By Nick Tillery


Dr. William S. Oetting said that there was no one man who discovered Albinism, it has been brought up in ancient medical literature from the early Roman times. Although, the first accurate scientific paper on the disease was written by Sir Archibald Garrod in 1908.


A person suffering from Albinism has many signs from birth:

  • No color in the hair, skin, or iris of the eye
  • Very light skin or hair
  • Patchy, missing skin color

There are also many symptoms

  • Cross eyed
  • Sensitive to light
  • Rapid eye movements
  • Vision problems


  • Eyes
  • Skin
  • Hair

How people get it

It happens when someone has many genetic defects and are unable to produce the correct amount of melanin, which is a natural substance that gives your hair, skin, and iris of the eye, its proper color. It is passed down through families, so you can only receive it hereditarily.


Albinism affects both male and females, and it is apparent from birth. Research shows that OCA 1 happens 1 in every 40,000 babies born, OCA 2 happens 1 in every 15,000 people, and ocular albinism happens 1 in every 50,000 people. Also, it has been confirmed it happens mostly to African or African-American humans.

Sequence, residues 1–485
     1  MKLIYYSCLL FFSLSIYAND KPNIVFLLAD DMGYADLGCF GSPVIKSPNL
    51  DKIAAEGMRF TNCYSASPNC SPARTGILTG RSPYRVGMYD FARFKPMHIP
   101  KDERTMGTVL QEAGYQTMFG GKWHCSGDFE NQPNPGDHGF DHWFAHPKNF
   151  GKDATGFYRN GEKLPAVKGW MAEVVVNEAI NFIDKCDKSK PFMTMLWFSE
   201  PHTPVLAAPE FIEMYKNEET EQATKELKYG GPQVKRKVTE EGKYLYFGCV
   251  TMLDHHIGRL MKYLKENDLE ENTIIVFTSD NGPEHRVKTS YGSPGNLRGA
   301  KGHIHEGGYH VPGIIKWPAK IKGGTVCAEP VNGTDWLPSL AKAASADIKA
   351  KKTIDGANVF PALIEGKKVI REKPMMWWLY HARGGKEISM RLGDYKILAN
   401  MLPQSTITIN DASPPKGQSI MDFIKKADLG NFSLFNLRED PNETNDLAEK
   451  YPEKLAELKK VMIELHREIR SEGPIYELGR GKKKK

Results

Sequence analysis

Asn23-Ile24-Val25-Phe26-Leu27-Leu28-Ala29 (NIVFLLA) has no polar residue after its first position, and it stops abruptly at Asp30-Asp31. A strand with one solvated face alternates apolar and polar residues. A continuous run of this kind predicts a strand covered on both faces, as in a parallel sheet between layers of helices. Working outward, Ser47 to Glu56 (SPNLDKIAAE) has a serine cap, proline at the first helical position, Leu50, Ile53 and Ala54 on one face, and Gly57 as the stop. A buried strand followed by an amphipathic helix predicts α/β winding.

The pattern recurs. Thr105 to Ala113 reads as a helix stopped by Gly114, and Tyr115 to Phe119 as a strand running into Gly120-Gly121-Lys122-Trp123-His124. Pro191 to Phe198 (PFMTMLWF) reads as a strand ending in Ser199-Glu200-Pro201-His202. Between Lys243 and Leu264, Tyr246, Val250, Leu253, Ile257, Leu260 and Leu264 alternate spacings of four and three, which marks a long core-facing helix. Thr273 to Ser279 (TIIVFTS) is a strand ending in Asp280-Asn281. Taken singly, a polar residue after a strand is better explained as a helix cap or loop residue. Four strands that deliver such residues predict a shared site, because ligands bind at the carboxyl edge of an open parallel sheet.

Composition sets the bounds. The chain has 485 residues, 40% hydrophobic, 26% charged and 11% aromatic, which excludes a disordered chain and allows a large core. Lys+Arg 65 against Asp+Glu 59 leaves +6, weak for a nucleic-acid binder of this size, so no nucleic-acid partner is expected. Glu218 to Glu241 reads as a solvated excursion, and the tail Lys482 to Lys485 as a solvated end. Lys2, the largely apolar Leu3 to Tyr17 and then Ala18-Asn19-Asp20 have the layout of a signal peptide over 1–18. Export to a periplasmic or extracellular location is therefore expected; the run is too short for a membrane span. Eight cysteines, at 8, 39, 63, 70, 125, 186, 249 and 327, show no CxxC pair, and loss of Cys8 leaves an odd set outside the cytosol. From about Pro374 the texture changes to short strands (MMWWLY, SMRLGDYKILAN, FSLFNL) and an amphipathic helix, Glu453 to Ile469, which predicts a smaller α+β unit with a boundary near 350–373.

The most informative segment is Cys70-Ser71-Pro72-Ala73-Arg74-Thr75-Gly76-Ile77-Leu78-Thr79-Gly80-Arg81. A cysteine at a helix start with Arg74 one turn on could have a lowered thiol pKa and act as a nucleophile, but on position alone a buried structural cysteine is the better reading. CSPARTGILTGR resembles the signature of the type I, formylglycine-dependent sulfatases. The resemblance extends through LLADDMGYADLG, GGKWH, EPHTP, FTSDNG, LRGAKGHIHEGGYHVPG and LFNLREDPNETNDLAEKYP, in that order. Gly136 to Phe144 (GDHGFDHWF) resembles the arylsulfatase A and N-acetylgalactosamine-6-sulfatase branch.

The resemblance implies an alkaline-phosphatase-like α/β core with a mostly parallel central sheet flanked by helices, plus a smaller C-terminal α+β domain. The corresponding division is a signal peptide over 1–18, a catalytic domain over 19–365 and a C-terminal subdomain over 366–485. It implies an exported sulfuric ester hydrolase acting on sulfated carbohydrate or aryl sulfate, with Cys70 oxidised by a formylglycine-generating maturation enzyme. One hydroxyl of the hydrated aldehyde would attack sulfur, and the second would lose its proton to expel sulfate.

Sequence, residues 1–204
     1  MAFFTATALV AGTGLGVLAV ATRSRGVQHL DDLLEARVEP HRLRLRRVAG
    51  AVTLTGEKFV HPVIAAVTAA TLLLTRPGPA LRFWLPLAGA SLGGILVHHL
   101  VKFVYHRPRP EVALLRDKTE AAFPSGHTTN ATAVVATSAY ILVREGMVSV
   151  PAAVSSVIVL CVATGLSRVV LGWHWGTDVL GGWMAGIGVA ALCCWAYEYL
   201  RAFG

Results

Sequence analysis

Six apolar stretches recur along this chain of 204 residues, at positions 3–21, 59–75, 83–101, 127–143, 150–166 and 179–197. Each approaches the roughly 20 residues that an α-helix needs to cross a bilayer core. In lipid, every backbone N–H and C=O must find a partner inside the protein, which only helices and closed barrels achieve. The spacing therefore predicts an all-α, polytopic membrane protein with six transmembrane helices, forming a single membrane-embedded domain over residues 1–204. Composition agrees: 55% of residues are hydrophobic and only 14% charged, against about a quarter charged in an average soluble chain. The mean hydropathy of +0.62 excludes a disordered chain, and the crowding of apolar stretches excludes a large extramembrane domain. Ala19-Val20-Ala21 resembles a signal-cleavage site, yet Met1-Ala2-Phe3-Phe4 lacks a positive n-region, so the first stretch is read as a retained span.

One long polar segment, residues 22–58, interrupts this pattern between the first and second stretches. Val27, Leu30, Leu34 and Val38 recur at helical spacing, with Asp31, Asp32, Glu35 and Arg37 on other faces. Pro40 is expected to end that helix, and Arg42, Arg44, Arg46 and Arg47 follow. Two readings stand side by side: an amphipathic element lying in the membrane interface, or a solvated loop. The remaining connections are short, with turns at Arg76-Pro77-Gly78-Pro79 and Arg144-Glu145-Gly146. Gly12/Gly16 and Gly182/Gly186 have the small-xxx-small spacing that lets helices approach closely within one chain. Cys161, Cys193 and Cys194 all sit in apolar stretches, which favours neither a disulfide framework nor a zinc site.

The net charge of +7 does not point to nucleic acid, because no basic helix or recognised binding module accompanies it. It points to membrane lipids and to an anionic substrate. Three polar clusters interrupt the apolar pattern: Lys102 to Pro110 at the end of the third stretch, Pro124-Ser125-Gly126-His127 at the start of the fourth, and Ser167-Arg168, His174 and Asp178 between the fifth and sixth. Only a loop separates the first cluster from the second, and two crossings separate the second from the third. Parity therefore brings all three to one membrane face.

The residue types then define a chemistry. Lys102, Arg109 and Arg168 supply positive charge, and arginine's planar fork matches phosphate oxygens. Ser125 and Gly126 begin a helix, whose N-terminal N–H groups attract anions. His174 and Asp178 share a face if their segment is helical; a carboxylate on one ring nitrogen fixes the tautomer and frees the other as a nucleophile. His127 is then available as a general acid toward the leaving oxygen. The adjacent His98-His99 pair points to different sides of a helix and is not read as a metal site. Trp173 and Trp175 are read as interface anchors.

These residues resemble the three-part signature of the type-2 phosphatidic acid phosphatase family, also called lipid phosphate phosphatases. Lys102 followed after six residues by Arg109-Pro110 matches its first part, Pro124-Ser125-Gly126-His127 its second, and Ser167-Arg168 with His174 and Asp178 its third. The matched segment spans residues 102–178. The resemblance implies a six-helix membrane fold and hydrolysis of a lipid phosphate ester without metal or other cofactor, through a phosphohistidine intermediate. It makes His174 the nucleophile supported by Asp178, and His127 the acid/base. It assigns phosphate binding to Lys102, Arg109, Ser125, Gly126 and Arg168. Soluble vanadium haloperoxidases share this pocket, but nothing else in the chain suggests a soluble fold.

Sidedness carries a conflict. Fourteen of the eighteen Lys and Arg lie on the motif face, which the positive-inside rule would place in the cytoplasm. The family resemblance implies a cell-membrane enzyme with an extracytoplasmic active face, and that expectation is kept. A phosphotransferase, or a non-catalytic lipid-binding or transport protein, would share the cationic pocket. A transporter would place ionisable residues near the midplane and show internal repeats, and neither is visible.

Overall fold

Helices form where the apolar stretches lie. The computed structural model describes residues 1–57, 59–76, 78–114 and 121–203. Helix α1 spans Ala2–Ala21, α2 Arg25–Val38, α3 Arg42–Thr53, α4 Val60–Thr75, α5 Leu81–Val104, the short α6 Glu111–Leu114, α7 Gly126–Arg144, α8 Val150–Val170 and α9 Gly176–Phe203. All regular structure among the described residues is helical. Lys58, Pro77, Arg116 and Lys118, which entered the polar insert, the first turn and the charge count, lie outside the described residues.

There is no known cure for Albinism, due to low melanin levels, the affected humans must use a very high SPF sunscreen or they will have dangerous burns on their body. They must wear adequate clothing when going outside, and sunglasses will help take away some of the sun sensitivity.


It usually does not affect the lifespan, although they must be careful when outside. If they are exposed to a lot of sun they can get a bad sun burn, later causing skin cancer. They also run the risk of going blind sometime in their life.


It is usually diagnosed at birth, genetic testing is one of the best ways to determine if an individual has this disease or not. The doctor might diagnose you just by your appearance.

Work Cited

"Information on Albinism." NOAH. National Organization for Albinism and Hypopigmentation. Web. 13 Mar 2014. <

Haldman-Englert, Chad. "Albinism." Medicine Plus. U.S. National Library of Medicine, 14 Nov 11. Web. 13 Mar 2014. <>.